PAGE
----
95 Ibid., 3-4.

96 Martha W. Hiden, How Justice Grew: Virginia Counties, An Abs tract of their formation ( Williamsburg, VA: Virginia 350th Anniversary Celebration Corporation, 1957), 1. Written for the Jamestown 350th Anniversary Historical Booklet, number 19.

97 Ibid., 9.

98 Ibid., 2.

99 Ibid., 3.

100 Ibid., 7-9.

101 Ibid., 15.

102 Northampton County, 165 1-1654, folio 200.

103 Breen and Innes, Myne Owne Ground, 92-93.

104 Northampton County, 1657-1664, folios 1-2, 16. Non-suit.

105 Northampton County Deeds, Wills, & etc., Numbers 7-8, 1655-1668, folio 21.

106 Accomack County, Deeds, Wills, and Orders, 1663-1671, folio 4a.

107 Northampton County Court Orders, Volume 6, Number 6, 1655-1656, folio 22. Richard owed 400 pounds of tobacco to blacksmith Devorax Godwyn, to be paid within 30 days, on 28 Dec 1655. The second entry, 6 April 1659, Anthony Johnson, owed 200 pounds of tobacco to Mr. Edmond Mathews, deceased, found in Northampton County, 1657-1664, folio 45.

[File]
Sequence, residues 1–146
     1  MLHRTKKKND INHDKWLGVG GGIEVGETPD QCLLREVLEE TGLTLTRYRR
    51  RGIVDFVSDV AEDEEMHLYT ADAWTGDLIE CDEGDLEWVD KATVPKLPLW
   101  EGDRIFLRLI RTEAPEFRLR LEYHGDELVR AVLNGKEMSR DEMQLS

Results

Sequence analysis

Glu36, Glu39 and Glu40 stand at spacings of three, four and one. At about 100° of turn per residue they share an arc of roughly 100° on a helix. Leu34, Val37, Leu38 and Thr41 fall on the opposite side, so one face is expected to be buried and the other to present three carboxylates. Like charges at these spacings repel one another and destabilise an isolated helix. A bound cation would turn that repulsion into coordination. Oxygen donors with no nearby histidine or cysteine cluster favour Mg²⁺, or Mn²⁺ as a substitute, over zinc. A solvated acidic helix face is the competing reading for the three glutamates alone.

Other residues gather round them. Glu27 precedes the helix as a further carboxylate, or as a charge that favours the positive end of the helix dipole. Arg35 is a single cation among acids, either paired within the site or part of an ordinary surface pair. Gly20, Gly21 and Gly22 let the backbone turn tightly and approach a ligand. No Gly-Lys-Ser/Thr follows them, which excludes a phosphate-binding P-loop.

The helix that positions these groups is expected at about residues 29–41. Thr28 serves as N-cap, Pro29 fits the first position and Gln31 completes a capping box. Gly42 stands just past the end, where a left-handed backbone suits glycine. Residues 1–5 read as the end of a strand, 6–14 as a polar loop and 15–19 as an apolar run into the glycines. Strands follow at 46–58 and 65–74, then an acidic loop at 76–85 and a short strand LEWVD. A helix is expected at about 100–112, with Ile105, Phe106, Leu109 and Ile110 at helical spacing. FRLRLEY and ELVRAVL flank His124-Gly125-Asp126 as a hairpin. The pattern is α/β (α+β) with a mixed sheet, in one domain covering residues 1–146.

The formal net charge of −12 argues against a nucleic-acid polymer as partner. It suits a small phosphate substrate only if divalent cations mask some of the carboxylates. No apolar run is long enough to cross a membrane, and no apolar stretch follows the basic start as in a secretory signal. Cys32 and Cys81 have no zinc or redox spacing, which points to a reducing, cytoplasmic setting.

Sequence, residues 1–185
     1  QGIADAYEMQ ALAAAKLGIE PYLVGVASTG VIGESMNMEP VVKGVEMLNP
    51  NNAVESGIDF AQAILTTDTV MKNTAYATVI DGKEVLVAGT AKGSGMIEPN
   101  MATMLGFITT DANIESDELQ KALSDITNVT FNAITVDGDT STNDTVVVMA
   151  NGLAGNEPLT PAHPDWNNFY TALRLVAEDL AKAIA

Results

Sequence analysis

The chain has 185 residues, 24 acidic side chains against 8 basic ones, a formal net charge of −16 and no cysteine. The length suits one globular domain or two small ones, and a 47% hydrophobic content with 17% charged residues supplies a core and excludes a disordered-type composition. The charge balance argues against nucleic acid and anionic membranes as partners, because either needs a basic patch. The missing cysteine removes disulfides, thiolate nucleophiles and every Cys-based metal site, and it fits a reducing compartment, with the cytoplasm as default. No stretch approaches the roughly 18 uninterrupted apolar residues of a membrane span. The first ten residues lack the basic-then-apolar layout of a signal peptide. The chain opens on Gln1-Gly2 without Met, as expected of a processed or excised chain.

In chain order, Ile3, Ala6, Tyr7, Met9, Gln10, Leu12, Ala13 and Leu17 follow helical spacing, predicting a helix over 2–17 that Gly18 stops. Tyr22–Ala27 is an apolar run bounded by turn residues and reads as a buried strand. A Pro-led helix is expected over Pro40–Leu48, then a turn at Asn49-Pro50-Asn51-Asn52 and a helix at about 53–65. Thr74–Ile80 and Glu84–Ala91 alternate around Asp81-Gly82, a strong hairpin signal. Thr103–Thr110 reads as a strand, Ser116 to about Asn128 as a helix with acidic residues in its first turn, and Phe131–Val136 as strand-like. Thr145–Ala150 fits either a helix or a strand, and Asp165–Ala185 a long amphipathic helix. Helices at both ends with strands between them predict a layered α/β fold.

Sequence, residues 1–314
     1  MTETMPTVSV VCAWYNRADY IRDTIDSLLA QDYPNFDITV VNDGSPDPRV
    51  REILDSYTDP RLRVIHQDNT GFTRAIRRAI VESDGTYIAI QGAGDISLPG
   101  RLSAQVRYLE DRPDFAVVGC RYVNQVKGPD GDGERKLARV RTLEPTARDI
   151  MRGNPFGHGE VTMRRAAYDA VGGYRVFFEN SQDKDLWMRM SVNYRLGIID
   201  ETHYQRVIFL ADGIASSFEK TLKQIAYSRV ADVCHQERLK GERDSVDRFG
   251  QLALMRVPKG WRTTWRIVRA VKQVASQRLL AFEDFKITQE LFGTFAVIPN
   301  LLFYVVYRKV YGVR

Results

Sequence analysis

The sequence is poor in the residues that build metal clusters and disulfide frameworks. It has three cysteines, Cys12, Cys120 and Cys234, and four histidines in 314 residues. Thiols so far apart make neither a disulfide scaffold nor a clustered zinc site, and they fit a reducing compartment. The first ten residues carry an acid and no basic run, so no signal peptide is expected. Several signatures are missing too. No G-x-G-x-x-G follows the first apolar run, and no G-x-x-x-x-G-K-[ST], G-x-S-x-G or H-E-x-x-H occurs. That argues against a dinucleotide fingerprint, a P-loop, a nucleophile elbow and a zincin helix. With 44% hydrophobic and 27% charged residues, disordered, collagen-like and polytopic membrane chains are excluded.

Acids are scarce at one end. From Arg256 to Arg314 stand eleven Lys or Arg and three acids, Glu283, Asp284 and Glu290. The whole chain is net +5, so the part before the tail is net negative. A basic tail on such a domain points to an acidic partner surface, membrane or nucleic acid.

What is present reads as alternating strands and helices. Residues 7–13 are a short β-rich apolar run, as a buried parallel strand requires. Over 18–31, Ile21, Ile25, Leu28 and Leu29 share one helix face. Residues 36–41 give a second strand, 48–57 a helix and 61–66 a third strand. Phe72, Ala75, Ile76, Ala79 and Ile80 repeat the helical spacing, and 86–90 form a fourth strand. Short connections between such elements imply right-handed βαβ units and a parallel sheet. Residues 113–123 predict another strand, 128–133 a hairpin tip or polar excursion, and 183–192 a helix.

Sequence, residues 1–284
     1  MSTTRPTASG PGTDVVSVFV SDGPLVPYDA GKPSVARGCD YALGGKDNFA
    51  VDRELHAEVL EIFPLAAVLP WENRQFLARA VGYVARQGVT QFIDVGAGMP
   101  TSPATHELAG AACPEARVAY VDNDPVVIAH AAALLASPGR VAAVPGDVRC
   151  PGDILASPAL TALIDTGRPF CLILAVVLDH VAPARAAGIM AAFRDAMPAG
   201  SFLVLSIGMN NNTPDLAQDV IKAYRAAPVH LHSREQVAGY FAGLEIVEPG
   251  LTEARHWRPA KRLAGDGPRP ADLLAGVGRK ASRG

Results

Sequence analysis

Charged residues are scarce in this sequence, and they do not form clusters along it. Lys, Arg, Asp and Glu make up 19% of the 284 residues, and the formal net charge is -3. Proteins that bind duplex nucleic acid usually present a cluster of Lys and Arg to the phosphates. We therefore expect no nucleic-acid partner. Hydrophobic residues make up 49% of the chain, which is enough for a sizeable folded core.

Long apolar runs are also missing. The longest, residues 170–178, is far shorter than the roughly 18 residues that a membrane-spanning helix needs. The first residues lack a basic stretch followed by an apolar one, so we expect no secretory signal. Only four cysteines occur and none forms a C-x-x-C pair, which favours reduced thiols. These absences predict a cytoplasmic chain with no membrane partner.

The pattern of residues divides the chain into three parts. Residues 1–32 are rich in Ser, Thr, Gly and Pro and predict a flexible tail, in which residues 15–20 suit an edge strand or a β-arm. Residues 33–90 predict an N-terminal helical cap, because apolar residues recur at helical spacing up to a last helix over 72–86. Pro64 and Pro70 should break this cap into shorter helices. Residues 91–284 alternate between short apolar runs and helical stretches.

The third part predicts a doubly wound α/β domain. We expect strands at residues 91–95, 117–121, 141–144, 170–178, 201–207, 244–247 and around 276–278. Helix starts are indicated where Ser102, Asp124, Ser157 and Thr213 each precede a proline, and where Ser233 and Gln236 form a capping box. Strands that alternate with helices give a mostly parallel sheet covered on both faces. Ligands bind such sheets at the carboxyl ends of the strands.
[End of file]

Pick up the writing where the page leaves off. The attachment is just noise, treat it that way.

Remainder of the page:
108 Accomack County, 1663-167 1, folio 54a.

109 Northampton County, 165 1-1654, folio 205.

110 Northampton County Deeds, Wills, & etc., Number 5,1654-1655, folio 35.

111 Northampton County, 1651-1654, folio 226.

112 Accomack County Court Order, 1666-1670, folio 16a.

113 Ibid., 18a.; and Ibid., 37.

114 J. Hall Pleasant, ed., Archives of Maryland, LIV, Liber B, No. 1, 28.

115 Ibid., 74.

116 Ibid., 111.

117 Ibid., 116.